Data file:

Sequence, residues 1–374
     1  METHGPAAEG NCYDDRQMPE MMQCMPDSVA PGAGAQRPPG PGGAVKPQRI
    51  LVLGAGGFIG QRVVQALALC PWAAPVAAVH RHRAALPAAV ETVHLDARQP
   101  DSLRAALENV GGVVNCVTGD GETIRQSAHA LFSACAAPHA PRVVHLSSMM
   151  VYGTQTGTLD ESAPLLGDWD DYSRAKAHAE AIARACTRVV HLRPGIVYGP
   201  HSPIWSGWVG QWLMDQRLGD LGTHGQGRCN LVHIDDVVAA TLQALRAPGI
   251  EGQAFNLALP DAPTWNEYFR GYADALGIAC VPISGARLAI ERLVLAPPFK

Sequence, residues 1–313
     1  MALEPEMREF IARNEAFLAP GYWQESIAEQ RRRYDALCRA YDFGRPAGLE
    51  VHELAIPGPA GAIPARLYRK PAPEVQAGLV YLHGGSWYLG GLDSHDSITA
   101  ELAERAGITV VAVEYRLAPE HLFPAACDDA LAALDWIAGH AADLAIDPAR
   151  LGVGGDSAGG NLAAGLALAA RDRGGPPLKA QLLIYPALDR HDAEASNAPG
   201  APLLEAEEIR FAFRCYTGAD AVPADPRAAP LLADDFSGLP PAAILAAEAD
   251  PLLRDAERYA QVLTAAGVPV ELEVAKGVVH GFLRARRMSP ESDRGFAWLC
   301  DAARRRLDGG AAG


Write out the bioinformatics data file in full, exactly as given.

Sequence, residues 1–374
     1  METHGPAAEG NCYDDRQMPE MMQCMPDSVA PGAGAQRPPG PGGAVKPQRI
    51  LVLGAGGFIG QRVVQALALC PWAAPVAAVH RHRAALPAAV ETVHLDARQP
   101  DSLRAALENV GGVVNCVTGD GETIRQSAHA LFSACAAPHA PRVVHLSSMM
   151  VYGTQTGTLD ESAPLLGDWD DYSRAKAHAE AIARACTRVV HLRPGIVYGP
   201  HSPIWSGWVG QWLMDQRLGD LGTHGQGRCN LVHIDDVVAA TLQALRAPGI
   251  EGQAFNLALP DAPTWNEYFR GYADALGIAC VPISGARLAI ERLVLAPPFK

Sequence, residues 1–313
     1  MALEPEMREF IARNEAFLAP GYWQESIAEQ RRRYDALCRA YDFGRPAGLE
    51  VHELAIPGPA GAIPARLYRK PAPEVQAGLV YLHGGSWYLG GLDSHDSITA
   101  ELAERAGITV VAVEYRLAPE HLFPAACDDA LAALDWIAGH AADLAIDPAR
   151  LGVGGDSAGG NLAAGLALAA RDRGGPPLKA QLLIYPALDR HDAEASNAPG
   201  APLLEAEEIR FAFRCYTGAD AVPADPRAAP LLADDFSGLP PAAILAAEAD
   251  PLLRDAERYA QVLTAAGVPV ELEVAKGVVH GFLRARRMSP ESDRGFAWLC
   301  DAARRRLDGG AAG